Building a National Collaborative for Food, Energy, and Water Education (NC-FEW): Insights from a National Conference

Wednesday 4:30pm-5:45pm Beren Auditorium
Poster Session Part of Wednesday Poster Session

Session Chairs

Cory Forbes, The University of Texas at Arlington
Hannah Scherer, Virginia Polytechnic Institute and State Univ
Hui-Hui Wang, Purdue University-Main Campus
Nicole Sintov, Ohio State University-Main Campus
Christine Li, University of Missouri-Columbia
Kelly Millenbah, Michigan State University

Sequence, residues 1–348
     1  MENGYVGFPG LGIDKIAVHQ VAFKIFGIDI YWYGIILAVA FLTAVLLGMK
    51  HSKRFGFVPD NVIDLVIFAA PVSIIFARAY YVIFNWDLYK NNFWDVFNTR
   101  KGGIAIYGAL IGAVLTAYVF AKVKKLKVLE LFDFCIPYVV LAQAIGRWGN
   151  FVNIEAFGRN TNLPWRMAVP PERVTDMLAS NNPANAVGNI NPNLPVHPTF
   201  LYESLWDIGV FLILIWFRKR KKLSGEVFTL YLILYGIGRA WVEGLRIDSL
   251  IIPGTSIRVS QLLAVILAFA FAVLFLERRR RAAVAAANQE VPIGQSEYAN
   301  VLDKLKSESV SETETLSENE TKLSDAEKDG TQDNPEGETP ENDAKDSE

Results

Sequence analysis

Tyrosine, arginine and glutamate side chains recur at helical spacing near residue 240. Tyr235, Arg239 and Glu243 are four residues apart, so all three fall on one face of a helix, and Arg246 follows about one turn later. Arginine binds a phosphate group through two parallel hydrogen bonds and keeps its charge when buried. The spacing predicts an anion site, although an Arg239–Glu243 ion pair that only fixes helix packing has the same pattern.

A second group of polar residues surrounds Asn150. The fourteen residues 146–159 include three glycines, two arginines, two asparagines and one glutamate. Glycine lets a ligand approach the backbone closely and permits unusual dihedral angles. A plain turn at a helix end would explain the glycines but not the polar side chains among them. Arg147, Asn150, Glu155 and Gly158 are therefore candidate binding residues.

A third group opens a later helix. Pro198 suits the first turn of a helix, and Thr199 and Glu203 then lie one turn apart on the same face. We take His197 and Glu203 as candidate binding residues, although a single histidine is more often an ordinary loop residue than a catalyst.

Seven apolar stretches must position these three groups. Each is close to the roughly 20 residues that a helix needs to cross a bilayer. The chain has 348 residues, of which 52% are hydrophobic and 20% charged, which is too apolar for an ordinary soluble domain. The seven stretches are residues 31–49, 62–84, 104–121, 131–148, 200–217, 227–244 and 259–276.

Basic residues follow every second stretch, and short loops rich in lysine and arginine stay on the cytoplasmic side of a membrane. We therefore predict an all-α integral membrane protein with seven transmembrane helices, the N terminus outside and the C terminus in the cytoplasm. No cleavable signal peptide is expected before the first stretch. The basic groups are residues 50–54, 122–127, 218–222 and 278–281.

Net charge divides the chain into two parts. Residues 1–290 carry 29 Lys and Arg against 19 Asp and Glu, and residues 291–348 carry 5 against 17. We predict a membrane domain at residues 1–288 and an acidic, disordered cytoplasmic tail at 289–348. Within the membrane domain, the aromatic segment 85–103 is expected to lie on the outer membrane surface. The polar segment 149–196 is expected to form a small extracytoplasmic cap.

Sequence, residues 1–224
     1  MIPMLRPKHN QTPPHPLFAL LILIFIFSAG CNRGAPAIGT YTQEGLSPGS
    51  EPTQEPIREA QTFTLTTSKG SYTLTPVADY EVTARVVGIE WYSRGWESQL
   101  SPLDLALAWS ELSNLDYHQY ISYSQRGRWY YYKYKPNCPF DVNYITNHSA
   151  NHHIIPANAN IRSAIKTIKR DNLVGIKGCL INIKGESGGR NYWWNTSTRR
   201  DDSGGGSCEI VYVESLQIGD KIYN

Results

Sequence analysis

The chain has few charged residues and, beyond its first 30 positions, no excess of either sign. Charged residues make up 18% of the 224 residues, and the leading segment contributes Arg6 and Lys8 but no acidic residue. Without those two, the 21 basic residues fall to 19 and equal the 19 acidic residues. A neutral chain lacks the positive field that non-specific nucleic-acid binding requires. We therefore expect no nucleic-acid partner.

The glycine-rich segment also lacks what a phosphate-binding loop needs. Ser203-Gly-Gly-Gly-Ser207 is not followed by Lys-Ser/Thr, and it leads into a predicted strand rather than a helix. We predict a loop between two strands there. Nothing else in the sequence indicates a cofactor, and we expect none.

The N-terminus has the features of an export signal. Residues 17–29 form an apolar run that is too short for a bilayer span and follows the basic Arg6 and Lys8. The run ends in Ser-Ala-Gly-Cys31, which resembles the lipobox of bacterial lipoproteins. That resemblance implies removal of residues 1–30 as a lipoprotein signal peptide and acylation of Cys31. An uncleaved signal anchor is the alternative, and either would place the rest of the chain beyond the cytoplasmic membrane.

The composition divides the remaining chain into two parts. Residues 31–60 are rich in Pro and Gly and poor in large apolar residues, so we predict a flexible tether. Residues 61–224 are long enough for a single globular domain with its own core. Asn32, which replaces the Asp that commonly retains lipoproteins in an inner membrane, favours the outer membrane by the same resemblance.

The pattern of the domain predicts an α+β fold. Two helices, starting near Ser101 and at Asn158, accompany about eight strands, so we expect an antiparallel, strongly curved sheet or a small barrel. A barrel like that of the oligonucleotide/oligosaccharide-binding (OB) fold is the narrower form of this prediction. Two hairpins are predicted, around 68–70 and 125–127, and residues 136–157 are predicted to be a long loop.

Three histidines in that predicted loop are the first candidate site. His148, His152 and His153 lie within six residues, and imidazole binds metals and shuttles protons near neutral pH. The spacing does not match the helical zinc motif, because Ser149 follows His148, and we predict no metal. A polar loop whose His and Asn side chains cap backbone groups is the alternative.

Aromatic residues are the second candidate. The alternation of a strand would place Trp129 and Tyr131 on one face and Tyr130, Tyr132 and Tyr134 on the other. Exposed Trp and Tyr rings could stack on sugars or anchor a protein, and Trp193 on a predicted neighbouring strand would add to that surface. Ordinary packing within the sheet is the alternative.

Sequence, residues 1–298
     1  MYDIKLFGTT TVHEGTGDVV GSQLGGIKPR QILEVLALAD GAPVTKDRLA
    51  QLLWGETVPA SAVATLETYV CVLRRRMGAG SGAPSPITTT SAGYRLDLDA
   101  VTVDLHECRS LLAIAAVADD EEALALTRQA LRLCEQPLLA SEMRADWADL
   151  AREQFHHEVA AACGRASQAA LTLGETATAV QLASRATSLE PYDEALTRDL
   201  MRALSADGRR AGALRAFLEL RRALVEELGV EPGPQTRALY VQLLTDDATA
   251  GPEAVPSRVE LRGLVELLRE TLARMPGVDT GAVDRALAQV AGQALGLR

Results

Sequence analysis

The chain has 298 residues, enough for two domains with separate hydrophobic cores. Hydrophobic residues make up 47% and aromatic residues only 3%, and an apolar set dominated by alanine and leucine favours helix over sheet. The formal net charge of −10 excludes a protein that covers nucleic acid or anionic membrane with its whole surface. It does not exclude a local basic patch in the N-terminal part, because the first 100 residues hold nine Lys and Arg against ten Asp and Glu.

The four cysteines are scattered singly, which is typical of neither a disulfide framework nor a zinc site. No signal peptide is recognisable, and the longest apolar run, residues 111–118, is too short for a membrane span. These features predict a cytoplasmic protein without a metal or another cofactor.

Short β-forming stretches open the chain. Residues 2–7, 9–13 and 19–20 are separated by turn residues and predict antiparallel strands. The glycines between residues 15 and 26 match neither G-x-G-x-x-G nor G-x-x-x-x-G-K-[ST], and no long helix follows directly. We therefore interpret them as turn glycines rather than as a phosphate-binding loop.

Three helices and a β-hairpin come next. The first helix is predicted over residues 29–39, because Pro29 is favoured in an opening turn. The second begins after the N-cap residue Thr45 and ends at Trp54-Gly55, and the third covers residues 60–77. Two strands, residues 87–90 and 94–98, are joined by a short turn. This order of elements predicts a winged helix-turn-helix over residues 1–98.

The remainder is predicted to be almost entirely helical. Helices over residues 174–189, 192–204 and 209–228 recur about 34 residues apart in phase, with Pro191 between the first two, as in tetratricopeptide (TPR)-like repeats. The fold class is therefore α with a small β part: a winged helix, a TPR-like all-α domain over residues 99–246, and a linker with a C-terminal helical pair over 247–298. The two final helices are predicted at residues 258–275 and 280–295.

Institutions of higher education must take a leading role in preparing all global citizens for the food, energy, and water (FEW) challenges of today and tomorrow. The Food-Energy-Water Nexus concept has emerged as a unique opportunity to pursue a sustained, systemic, and transdisciplinary education initiative, including program evaluation and education research, focused on FEW issues. This effort spans a wide array of contexts, including K-12 and postsecondary classrooms, informal and non-formal learning environments, and in public spaces. However, no systematic effort currently exists to study strategies, processes, and outcomes of education focused on the FEW-Nexus. As a result, little research has been conducted to understand teaching and learning in the FEW-Nexus. To address this need, we are cultivating a national network of scholars engaged in FEW-Nexus educational programming and research through the recently-established Multistate Research Committee (NCDC231) - Collaborative for Research on Food, Energy, and Water Education (NC-FEW). NC-FEW will serve as a nucleus for efforts to 1) advance FEW education efforts; 2) foster FEW education research; and 3) enhance collaboration around FEW education and education research. In this presentation, we report of the outcomes of a national invited conference recently held in May, 2018, which brought together 50 participants from an array of disciplinary backgrounds to develop an overarching vision, mission, and goals for this network and growing transdisciplinary community. We discuss novel theoretical and analytical perspectives the FEW-Nexus concept affords by emphasizing emergent themes discussed at the conference – systems thinking, science-informed decision-making, civic engagement, and disciplinary concepts - as core elements of teaching and learning about coupled human-natural systems within the FEW-Nexus. We illustrate these key themes of this work with example programmatic elements and selected empirical data from geoscience education programs at partner institutions grounded in the FEW-Nexus.